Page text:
The history of English is long, winding, and complex—but here are the main events that shaped the history of English and gave us the language we use today. Click the links below to read more about English through time.

Nineteenth-Century English

The 19th century saw a lot of changes around the world. Explore the impact this had on the English language, with new words and changing grammar over the 1800s.

  • The Impact of New Technology
    New technology leads to new vocabulary. What influence did cars and the telephone have on English?
  • Local and Global English
    We explore changes to English in the 19th century, on a local and global scale, and look at what contemporary scholars of English were saying.
  • Recording the Language
    The 19th century is the first period from which we have recordings of actual voices—and it was also the dawn of a new approach to dictionary-making.
  • Changing Grammar and New Words
    In the 19th century the English language went through some fundamental changes in terms of spelling, sound, syntax, and meaning. Read all about this period.
  • The Science of Language
    A number of language specialisms appeared at this time, but how did James Murray describe himself?

Twentieth-Century English

How has English changed between 1900 and 1999? And is there truly only one English language?

  • Circles of English
    How did the English language develop in the 20th century? There are three circles that have been identified to represent the diversity of varieties of English.
  • Converging Varieties of English
    Varieties of English seem to have converged over the 20th century: how, and why?
  • Converging Varieties of English
    Varieties of English seem to have converged over the 20th century: how, and why?
  • New Vocabulary
    A lot can change in 100 years: take a look at what happened to English vocabulary over the 20th century and learn how many new words were added to dictionaries.
  • Descriptivists vs Prescriptivists
    Do recent developments in English ever irk you? We look at modern descriptivism and prescriptivism.

Text 1 (Early Modern English)

The extract below was written by John Donne in 1623. Donne was a post and also Dean of St. Paul’s Cathedral in London.

All mankinde is of one Author, and is one volume; when one man dies, one Chapter is not torne out of the booke, but translated into a better language; and euery Chapter must be so translated; God imploies seuerall translators; some peeces are translated by age, some by sicknes, some by war, some by iustice; but Gods hand is in euery translation: and his hand shall binde vp all our scattered leaues againe, for that Library where euery booke shall ly open to one another: As therfore the Bell that ringes to a Sermon, calls not vpon the Preacher onely, but vpon the Congregation to come; so this Bell calls vs all; but how much more mee, who am brought so neer the doore by this sicknesse… No Man is an Iland, intire of it self; euery man is a piece of the Coninent, a part of the maine; if a clod be washed away by the Sea, Europe is the lesse, as wel as if a Promontory were, as well as if a Mannor of thy friends, or of thine owne were; Any mans death diminishes mee, because I am inuolved in mankind; And therefore neuer send to know for whom the bell tols; It tols for thee.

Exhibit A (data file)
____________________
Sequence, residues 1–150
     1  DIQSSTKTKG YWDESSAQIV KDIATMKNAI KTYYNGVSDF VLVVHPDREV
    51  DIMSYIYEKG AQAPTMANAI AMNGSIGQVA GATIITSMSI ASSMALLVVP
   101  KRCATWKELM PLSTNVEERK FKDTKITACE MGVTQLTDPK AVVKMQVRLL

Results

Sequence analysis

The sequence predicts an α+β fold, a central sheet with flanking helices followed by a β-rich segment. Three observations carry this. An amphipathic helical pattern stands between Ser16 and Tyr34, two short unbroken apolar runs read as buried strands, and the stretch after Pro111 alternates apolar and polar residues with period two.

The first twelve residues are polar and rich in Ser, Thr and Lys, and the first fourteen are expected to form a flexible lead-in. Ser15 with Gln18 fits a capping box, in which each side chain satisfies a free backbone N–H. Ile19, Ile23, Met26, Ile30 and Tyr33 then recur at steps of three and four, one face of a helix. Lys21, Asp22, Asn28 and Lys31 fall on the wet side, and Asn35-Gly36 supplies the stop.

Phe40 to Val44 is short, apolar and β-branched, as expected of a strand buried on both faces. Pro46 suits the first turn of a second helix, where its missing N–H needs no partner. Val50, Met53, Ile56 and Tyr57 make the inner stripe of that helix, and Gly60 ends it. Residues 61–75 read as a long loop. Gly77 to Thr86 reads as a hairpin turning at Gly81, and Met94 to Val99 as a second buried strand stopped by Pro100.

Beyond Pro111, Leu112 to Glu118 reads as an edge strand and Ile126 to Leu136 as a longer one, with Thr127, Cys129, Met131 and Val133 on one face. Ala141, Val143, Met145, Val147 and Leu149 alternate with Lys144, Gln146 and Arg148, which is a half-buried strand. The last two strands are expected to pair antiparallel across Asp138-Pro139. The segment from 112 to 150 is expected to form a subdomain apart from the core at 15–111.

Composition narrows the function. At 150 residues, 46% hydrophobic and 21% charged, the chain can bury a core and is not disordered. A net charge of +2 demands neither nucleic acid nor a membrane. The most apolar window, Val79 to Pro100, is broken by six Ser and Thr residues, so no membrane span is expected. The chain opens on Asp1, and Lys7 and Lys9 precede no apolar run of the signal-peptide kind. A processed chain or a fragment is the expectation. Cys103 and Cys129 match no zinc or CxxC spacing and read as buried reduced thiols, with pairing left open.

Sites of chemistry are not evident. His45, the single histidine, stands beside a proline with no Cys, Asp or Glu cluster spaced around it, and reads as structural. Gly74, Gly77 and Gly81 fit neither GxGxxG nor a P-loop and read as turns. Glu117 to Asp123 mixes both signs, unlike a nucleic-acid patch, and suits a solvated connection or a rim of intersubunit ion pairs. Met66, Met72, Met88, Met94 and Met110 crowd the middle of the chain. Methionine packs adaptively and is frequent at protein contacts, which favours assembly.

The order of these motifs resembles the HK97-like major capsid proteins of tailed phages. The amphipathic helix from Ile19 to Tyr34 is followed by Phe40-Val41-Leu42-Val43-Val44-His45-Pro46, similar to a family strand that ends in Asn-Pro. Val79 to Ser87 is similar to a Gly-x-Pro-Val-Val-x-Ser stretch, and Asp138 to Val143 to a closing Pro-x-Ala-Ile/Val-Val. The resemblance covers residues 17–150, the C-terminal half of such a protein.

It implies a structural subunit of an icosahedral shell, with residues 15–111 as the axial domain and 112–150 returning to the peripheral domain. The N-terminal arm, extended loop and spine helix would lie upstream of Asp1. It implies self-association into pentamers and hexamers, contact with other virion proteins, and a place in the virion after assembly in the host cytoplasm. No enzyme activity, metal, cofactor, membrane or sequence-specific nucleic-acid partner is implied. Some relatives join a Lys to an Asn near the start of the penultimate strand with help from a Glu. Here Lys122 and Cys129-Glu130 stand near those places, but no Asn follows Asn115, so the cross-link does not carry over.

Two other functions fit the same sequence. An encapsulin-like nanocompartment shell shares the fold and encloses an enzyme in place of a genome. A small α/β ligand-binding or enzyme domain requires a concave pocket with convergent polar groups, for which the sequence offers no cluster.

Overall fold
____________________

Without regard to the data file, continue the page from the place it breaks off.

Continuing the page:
Text 2 (Late Modern English)


DRAUGHTSMEN, expert in floating architecture, sat in their drawing offices and prepared designs for the new great palace of the seas, that was to carry restless comfort-loving people from one world to another. An exquisite little model of the palace was made in wood, with the innumerable plates and rivets marked thereon, from which model, again, a score of detailed plans were made showing each section enlarged. All this employed the well-paid works of scores of clever people but all this was but a prelude to the real thing.

The real thing, after this relatively abstract preparation, was the concrete battle with resistant matter. Work of the disciplined hand was to follow labour of directing mind.